Kossuth County Advance from Algona, Iowa on April 11, 1939 · Page 5
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Kossuth County Advance from Algona, Iowa · Page 5

Algona, Iowa
Issue Date:
Tuesday, April 11, 1939
Page 5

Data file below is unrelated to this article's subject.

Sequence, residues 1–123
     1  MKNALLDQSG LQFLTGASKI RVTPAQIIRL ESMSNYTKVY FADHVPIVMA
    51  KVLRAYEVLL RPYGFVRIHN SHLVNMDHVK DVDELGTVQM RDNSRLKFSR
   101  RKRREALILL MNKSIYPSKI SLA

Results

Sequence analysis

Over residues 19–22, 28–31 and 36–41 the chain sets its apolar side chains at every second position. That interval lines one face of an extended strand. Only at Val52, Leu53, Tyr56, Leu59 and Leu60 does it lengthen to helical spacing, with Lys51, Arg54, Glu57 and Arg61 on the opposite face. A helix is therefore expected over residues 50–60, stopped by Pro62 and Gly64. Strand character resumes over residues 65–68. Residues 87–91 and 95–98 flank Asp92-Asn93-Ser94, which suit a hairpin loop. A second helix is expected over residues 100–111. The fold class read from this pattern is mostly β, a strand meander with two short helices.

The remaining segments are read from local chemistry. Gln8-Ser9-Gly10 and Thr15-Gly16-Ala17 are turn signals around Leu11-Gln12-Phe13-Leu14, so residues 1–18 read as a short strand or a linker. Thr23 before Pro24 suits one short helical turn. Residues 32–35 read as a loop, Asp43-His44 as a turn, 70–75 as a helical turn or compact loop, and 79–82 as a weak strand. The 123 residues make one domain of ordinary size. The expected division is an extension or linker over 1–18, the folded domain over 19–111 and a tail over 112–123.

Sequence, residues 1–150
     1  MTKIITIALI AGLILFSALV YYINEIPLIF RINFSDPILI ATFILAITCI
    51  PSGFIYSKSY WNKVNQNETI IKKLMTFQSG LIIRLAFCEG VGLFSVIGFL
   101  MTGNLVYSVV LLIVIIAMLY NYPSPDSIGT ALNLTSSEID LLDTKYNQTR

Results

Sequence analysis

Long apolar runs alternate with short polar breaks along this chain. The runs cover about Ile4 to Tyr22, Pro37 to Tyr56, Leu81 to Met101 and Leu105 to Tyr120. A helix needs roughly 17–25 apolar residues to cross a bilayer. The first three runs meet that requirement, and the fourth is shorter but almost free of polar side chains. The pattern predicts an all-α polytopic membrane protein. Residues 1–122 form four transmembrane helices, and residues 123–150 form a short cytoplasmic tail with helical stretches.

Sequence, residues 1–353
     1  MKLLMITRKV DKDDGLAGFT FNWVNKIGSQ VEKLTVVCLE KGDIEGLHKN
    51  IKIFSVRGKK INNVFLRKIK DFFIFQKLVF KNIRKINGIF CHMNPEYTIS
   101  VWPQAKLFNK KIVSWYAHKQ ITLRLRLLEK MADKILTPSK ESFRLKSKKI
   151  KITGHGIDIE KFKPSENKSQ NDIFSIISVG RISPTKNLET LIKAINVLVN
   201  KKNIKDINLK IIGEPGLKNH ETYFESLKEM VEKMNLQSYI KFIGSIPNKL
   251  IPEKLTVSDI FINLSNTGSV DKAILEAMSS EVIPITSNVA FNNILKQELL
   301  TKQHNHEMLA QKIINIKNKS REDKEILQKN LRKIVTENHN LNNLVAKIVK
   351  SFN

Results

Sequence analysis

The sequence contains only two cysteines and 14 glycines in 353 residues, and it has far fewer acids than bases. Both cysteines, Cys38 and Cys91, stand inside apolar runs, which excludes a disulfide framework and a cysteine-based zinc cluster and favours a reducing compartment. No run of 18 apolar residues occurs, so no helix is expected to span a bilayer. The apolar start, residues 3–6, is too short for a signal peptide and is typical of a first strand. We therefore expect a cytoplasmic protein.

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KOSSUTH COttNTY ADVANCE. ALGONA, IOWA PAGBFIVB , Irvington, Will See Both World Fairs Roy 11 ,TrS Great Lakea na' of near Chicago, this week for On returning DARLENE HANSEN, DOAN GIRL AND ALAN BRINK, ALSO DOAN, ARE WED Doan, Apr. 10— Darlene, daughter of Mr. and Mrs? Van Hansen, of Ottosen, formerly Doan, and Alan, Bon ot Mr. and Mrs. Percy Brink were married at the Methodist parsonage at Fort Dodge Wednesday at 4:30 p. m. by the llev. G. L. Gilberts, The bride, who was attired in a teal blue suit with matching accessories, had always lived in this 'community, where she attended rural schools. In graduated from the 1938 she was Algona high school.- The bridegroom, a graduate of the Lu Verne high school, is an only child. The couple made a short wedding trip to Arnold's Park, return- Ing to the bride's parental home at Ottosen on Easter Sunday, whore a wedding dinner was served at which close relatives were guests. An unusual feature of this occasion was attendance of four grandmothers: Mrs. Rosa Andrews and Mrs. Melsina Hansen, Ti- tonka, the bri.de's grandmothers; the elder Mrs. Brink, Lu Verne, and Mrs,. Campbell, Eagle Grove, the groom's grandmothers. The bridegroom will continue fanning with his parents 1% miles north of the Doan church, where a new home has been built for the newlyweds. Doan Girl Will Wed— Banns for the marriage of Mary Ann Venteleher to Harold'Knecht, Whittemore, were announced at St. Cecelia's church, Algona, last week Sunday. Church Snppcr Is Planned— The annual public spring bazaar and supper at the Doan church are dated for next week Tuesday. Other Doan News. The Aid will meet with Mrs. Alice Buffington next week Thursday, Mrs. Elna Buffington assisting. KENNEDY, 49, SWEA GITYAN, DIEHPRIL1 Swea City, Apr. 10—'Funeral rites for Frank Kennedy, 49, were 'held Wednesday at the Armstrong Catholic church, with members of the Fisher Legion post here as a military guard of honor. Interment was to be at Tyler, Tex., home of the 'brother James, who loft with the body Thursday at G p, m., a day's delay having been necessary while court orders pertaining to Frank's estate were being obtained. Death occurred Saturday, April 1, from a cerebral clot, and took place at an Estherville hospital. Mr. Kennedy was born near denary, Ireland, on a farm, and he came to the U. S. after reach- ing his majority. In due time he became a naturalized citizen, and he served two years in tho ammunition transport service with the American forces in France as a member of the Kossuth contingent. After the war Mr. Kennedy spent a few years in Minnesota, at Dawson, where he operated a meat market, but in the last few years he had lived here and operated a truck. Two other brothers in this country survive, also three sisters in Ireland, one of wflom was his twin. Former Pastor Here Dies— The Rev. Edward Duea died a few days ago at his home at Story Lake, and Geneva Berg, who teaches at Rockwell, spent the Easter vacation with their parents, Mr. and Mrs. Andrew Berg. Kessler Children Come Home— Mr. and Mrs. Charles Kessler had their children, Darlene, teacher at Daws, and Gayl, Minneapolis, with his wife, home for (Easter. Ewtng Home from Const— Warren Ewing has returned from San Diego, Calif., where he spent the winter with his sister, Mrs. Melvln Fisher. Other Swea City. The F. J. Thompsons, who left here last year for Cedaredge, Colo., Half-Million Bank Serves Whittemore Typical of the reassuring official statements which small town banks now publish is that of the Farmers State bank, Whittemore, of which Frank Bestenlehner is president and John P. Uhlenhake cashier. Total resources are nearly half a million; deposits, $410,000; loans, $312,000; cash and quick assets, more than $150,000. H. W. Geelan, merchant, C. L. Cavanaugh, druggist, and Dr. J. W. i McCreery are other directors. • Hall Tourneys are Dated. Burt, Apr. 10—Burt will again be host at a west Kossuth baseball tourney, to be held April 21-22. ti- tonka will have the east Koastith tourney. New York Doctor Lowert HIGH BLOOD PRESSME In 22 out of 26'cases A woll-known Now York physician lowered blood pressure in 22 out of 20 cases, andin moot esses relieved tbo accompanying symptoms of dizziness and headaches with ALLIMIN EB- uenco of aarlic-Parsley Tablets used according to directions on tho package. Thousands of high blood pressure sufferers tho country over report tho same gratifying relief. If you don t know the cause of your high blood pressure, see your doctor. •» ALLIMIN must definitely help you or your money will bo refunded. Large box, COo. Special economy size, $1.00. E. W. LUSBY Druggist City. He was pastor of the Nor-1 to help a sister in management of wegian Lutheran church here some | a ranch, are now at Waterloo, years ago. Of late years he had | Mrs. Norman Anderson is home been retired 'because of diabetes | again after ten days with her and complications. From here at- j daughter, Mrs. Wilfred Stoeber, tending the funeral were Mrs. John ' Fenton. Knutsen, Mrs. Edw. Bergeson, and Roal Roalson. Berg Daughters for Easter- Lucille and 1 Laila Berg, Storm HAVE YOU A ROOM-TO RENT? Many will be needing rooms soon. Try an Advance For-Rent ad. Now , for BeceirtBrWe— r ' vl *" A oft iir/vr keen 26 and 30 women miscellaneous " ' at- shower STw^sErs Eileen Cunningham, and Barbara Jane Moseley, Goldfield, were visitors at high school here Thursday. George Knibele, Goldfield, and his daughters Frances and Martha visited the Irvin Chapmans the same day. „ Parsons home Friday Carl Seip was elected Eat; Mrs. Seip, secretary [rer. ^ Other Irvington. \ Loris Crawfords, Minneapo me Saturday for a few day Itelatives in and around Al Among others entertained j Crawford's, near Whttte- TEaster Sunday were Mrs i Potter, Spencer, the Ro fords, Mason City, the Fran! h the William Finns, and th iBehlmers, all of Algona, an 1, L. Millers, Irvington. j and Mrs. Henry Scheppman ;ently drove to Brewste „ to visit at Mrs. Scheppman |er Louie Christoffer's an there attended confirmatio me of the Christoffer chl They also visited relatives icr parts in Minnesota. • B Rev. A. English preached an r sermon, before a large con- Itlon. A choir of young peo- lang Golden Days of Spring, , and Easter Lilies Bloom- rtha .Boldridge, employed at iMolnes, arrived last week. lay for a week with her par* I Mr. and Mrs. William Bold- s Aid will meet this week day at the church, Mrs. Wll- jBoldridge and her daughter la, hostesses. per Sunday guests at Wallace 'mr's were tho Jos. Koppens |Vivlan Button, all o£ Liver- '• Edna Harr and her children t a week ago Sunday with |ives at \TObert, Minn. Kayser, St. Joe, was a re- pest of her niece, Mrs. Oteo ner. elVieadly club will meet this .Wednesday with Mrs. Erma by, . • D. Headley has been confined 1 '°r the last several days. THREE CHURCH SOCIETIES AT LUVERNEMEET Lu Verne, Apr. 11—The woman's missionary societies of tho Pres- jyterian, Methodist, and Evangel- c'al churches all met last week. 'he Presbyterian women met with firs. F. I. Chapman Tuesday even- ng, and missionary work in Japan was studied. Mrs. J. L. Lichty, jO'ttle Mason, Mrs. Irvin Chapman, and Kleta Finley had parts on the >rogram. Plans were laid for attendance at a Presbyterial at Algona April 26-27. Thursday afternoon Florence •lot and Mrs,, Fred Schmidt were lostesses to the Evangelical society at the Hot home, and there were 21 in attendance. Mrs. Edw. Meier led devotions, and Hulda vacation last week with Lu Verne the study of a relatives. Tuesday, with Mrs. Nell "" Wil- O'Connell and Mrs. Ray Stone, she visited the Rev. and Mrs. V. V. YOU ARE INVITED Mr. nnd Mrs. George Kelly and Clair Shippey, Newton, spent last week Sunday with Kleta Finley, primary teacher here, and Miss Finley accompanied them to Webster City to attend church and Visited the George Fultons. Carl Walter and Wilma Merkle came from the Twin Cities Friday, called by news of the sickness of their father, George Merkle. Other LuVerne. New Family in Town— Mr. and Mrs. Lincoln Noble, of Beresford, S.' D., have moved to Lu Verne and are living in apartments above the Corner Store. Mrs. Noble is B. H. Gardner's sister. Bertha Godfrey, Algona, spent a Ham Boldridge, InringJ,on, and two daughters were guests and sang Spirituals. The Methodist home missionary society met Thursday with Mrs. 0. S. Alexander. Mrs. Ralph Davidson was devotional leader, and Mrs. Harvey Nelson completed review of > De ? ers The American City and Its Church. Mm Mrs. Peter Thompson reviewed an article on New Horizons in Christian Social Relations, and Mrs. John Brink presented enigmas. Members of this group plan to attend a district meeting at Corwith April 27. Schuldt, Garner. Supt. and Mrs. A. C. Evans left Thursday for Easter with the former's mother at Decorah. Vera Dimler accompanied them as far as Mason City to visit the Gerald Her- Homboldter Gives a Talk— , .Secretary Lehnert, of the Hum- tooldt Chamber of Commerce, was here last week Monday evening for a local Commercial club meeting and dinner. He spoke on the work ils organization is doing and gave ,he local club some new ideas. The rade extension committee reported 15 Inquiries about a farm implement opening here. Dinner was served to 27 'by Mrs. Milton Worry's group of the Cemetery association. Parties for Young People- There were two parties foi young people last week Tuesday evening. It was Paul Will's birthday,* and friends were invited to his home to help celeibrate. The young people of the Presbyterian churcl had a social evening at L. H. Lich ty's the same evening, and time was spent at games arrangei by Faith Hoppe and Virginia Lich ty. Teachers Come for Visits- Josephine Donelson, who teache at Garner, and Marie Fritzemeiei teacher in the La Grange, 111 schools, came last week-end for short vacation at home. Elino Mae Woito and Kenneth Marty, L Mare, and Edward Lindebak an Robert Smith, Forest City, cam home for Easter. Goldfielders Visit School— Marjorie Wiser, Gloria Richard Mrs. George Ditzel, of Spencer, nd the children spent last week ith the former's mother, Mrs. yra Peitzke. Editor J. H. Hartinger, of the ews, went to Des Moines Thursay for the week-end with his fam- HOW IT WORKS You've never seen anything like it! First, the color Anaylst makes a study of you .. % the color of your hair, your eyes, your skin . . . even the tone of your voice, your "tempo" •. — and other personality factors. Then, you sit in a modernistic, streamlined "Color Machine." | In a flash, the colors | suitable to your person| ality appear! | DON'T MISS IT. Be sure i to stop in at our store | during the dates shown } above. Bring your i friends and make a 'par[ ty' of it! TO ATTEND A FREE DEMONSTRATION of Color Psycho- Analysis APRIL 11 AND 12 It Answers Question About YOU What color is your personality? WHAT IS IT Color Psycho-Analysis is a fascinating new science which tells you what N colors suit YOUR personality . . . what wall colors SET YOU OFF to best advantage . . make you look your best. WHICH TYPE = ARE YOU? , jj The new science, Color 5 Psycho-Analysis, is bas- i ed on years of research E on the relationship of : color to personality. : • The Analyst who will be j at our store to "color- 5S analyze" you and your SE friends is one of a group j of young women spec- j ially trained to select I exactly the right back- i ground colors for each type of personality. Don't miss this event. It's fun . . and exciting! This will be held in pri- EE vate in the back office. = y. Mrs. H. C. Allen went to Minne- polis last week Tuesday to visit er daughter, Mrs, S. E. Smith. A daughter, second in the' fam- y, was born to Mr. and Mrs. Verle cribner last week Monday. Kathleen Sanford came from Des loines Friday for the week-end, he attends the A. I. B. Mrs. H. R. Cummins, Evanston, 11., spent last week with her sis- er, Mrs. Carl Goetsch. Mrs. Lena Blatti, Goldfield, spent everal days last week at Henry <ubly'B. | WIN - A free Trip to the WORLD'S FAIR | =S If you win first prize in this easy, exciting Color - Combination Contest . . . you sss = have your choice of a free trip for 2 to either the New York or San Francisco •== = World's Fair. And there are 101 OTHER VALUABLE PRIZES. Try YOUR eye sE =5 for color. Ask for a free entry blank. It's easy. It's fun! = I Botsford Lumber Co. I = PHONE 256 JIM POOL, Mgr. = Easter week is past. In the troubled world of today the future is very uncertain, sp now is the time. Make hay while the sun shines. Dress up days are over for a week or two . Back to,work is the order of the day. Good comfortable shoes and clothes for the field and garden will be in demand. Neville's store is full of Peters work shoes for the men and boys and good solid comfort shoes for the women that work in the garden or tend the chickens. Men's and boys' work shoes, leather or composition soles at $1.25 Peters Diamond Brand work shoes — $1.98, $2.35, $2.75, and $2.98 Peters shoes fit like a glove, and are all-leather construction. You get comfort and long wear. Stronger Brand and Flint Hill overalls and work shirts. Haines and Chalmers underwear, caps, sox, and gloves. Everything for the working man. All standard lines and cheaper than you can buy them anywhere else. For the women and girls we have everything in slippers to make life walk easy. Comfort shoes for house work, sturdy welts for outdoors, and sport oxfords for hiking. Even soft soles where you sit around and talk about your neighbors. This is Bargain Work Week at Neville's. We are making special prices on all kinds of work clothes and slippers. I like people that work. The man or woman that will not work is just a sore on the face of the community in which they live. People that work are generally honest. An idle mind is the devil's work shop. The fellow sitting out in the pasture with a milk pail waiting for some cow to back up so he can milk her will go home with an empty milk pail. Jimmie Neville ALGONA, IOWA SENECA Mrs. Albert Cody entertained at a woman's Farm Bureau follow-up meeting on bread-making Thursday. Mrs. Sam Oleson and Mrs. Ralph Campbell attended. Florence Jensen is now working at Mrs. Sigurd Olsen's, near Penton, Mr. and Mm. Leo Lampe, near Bancroft, and Mr. and Mrs. Maurice Jensen were at Fairmont last week Tuesday. Coach Frank Hanna, with Harriet Olsen and Lauretta Crowley, captains of the Seneca high school girls' teams, were guests at a basketball banquet at West Bend last week Monday evening for the state champions. Special 6^ OMAR'S $25,OOO BLUE RIBBON RECIPE BOOK EVERY RECIPE HAS WON PRIZES! EVERY RECIPE TESTED BY JURY OF HOMEMAKERS A prize-winning flour deserves prize-winning recipes. Every recipe in this new recipe book has won a prize. In addition, each recipe has been tested by OMAR'S jury of 31 Homemakers, whose pictures are in the book. Beautifully illustrated with natural color photographs; every recipe has full instructions. Vet,'though it was published to sell at 25c, you can get a copy now Free when you buy a ?4, 24'4 48 or 49 Ib. sack pf OMAR WONDER FtOUR. Leek 1937 Pontlac v 2-door five- passenger Sedan. You'll drive a bargain when you drive this Pontlac; 28,000 miles on the speedometer. Clean as a hound's tooth, j real buy at $495.00 Leek 1935 Buick, 4-door, 6-passenger Sedan. Six wheels, new tires, thoroughly overhauled at a cost of if 106. Lots of unused service in this car. Engine clean, brakes good. Electrical equipment perfect. Some family will find a friend J 1 In this at only $369.00 GIGANTIC USED CAR SALE STARTS TOD/T APRIL 12th CONTINUES FOR WEEK ONLY Regardless of loss we are forced to sell wholesale to everyone > Check these prices and see them today ALMOST EVERY MAKE AND MODEL 11)35 Buick 4-< >Ve know this tory. Bought when new. Serviced 1935 Chrysler 5-passenger sedan. Only 82,000 miles, carefully driven. Used for only around-town driving. Paint excellent, motor purrs like a kitten, brakes I rellned. See It and save alj $349.00 193^ Pontlac 4-door Sedan. This car is known as the "Silver Streak, has every equipment; looks like a »39er! No one will know , yon are driving a used carl i when they see yon In this] [job. Priced at only $395.00 1936 Pontlac 2-door five- passenger sedan. You'd hardly know this car had been driven. Low mileage on it and they don't show Perfect mechanically, fin Ish excellent A real bu $395.00 1931 Studebaker Dictator, C-cyHnder, Sedan, with trunk. REMEMBER- For One Week Only! FINE CARS These prices are honestly marked down lower than ever before in our history. Come in and see the finest stock of used cars in this city. Open every evening. Extra salesmen on the floor to serve you. BUY TODAY-MAKE A DEPOSIT-TAKE DELIVERY NOW OR LATER Most liberal G. M. A. C. Terms General Motors Plan Selec * i<m OLSON Company 1936 Buick 4-door trunk Sedan. Owner hated to part with it, runs so sweet and handles so easily. Has knee action, turret top, torque tube drive, 107 h. p. Straight 8 engine. We I promised to find a buyer Iwho would treat it right, j I He gets it for $495.OO teeK 1936 Buick 2-door, 5-passenger, trunk Sedan. lias straight eight engine, knee action, torque tube drive, 107 h. p. Driven onl 12000 miles by private owner. Upholstery excel- 'ent. Paint well nigh per- 'ect. You'll be proud t< rive for only $495.00 teeK 1036 Bodge DeLuxe Sedan. Six wheels and .tires, Equipped with heater, defroster, and radio. Here's - family pet, heantlfullj ••ared for. Low mileage, ^veet motor, upholster? i as a whistle. Next to ruhber. A heantifu' |'my at $499.00 Lee K 1931 Pontiao Sedan, $1* wire wtteels, in go*d shape . mechanicajly, up* itot®ry and pajnt good. JantS *f nnused Algona ou? Buick Dealer Iowa $149.00 *" ^ ' r '* r t ' i t ~ *, e V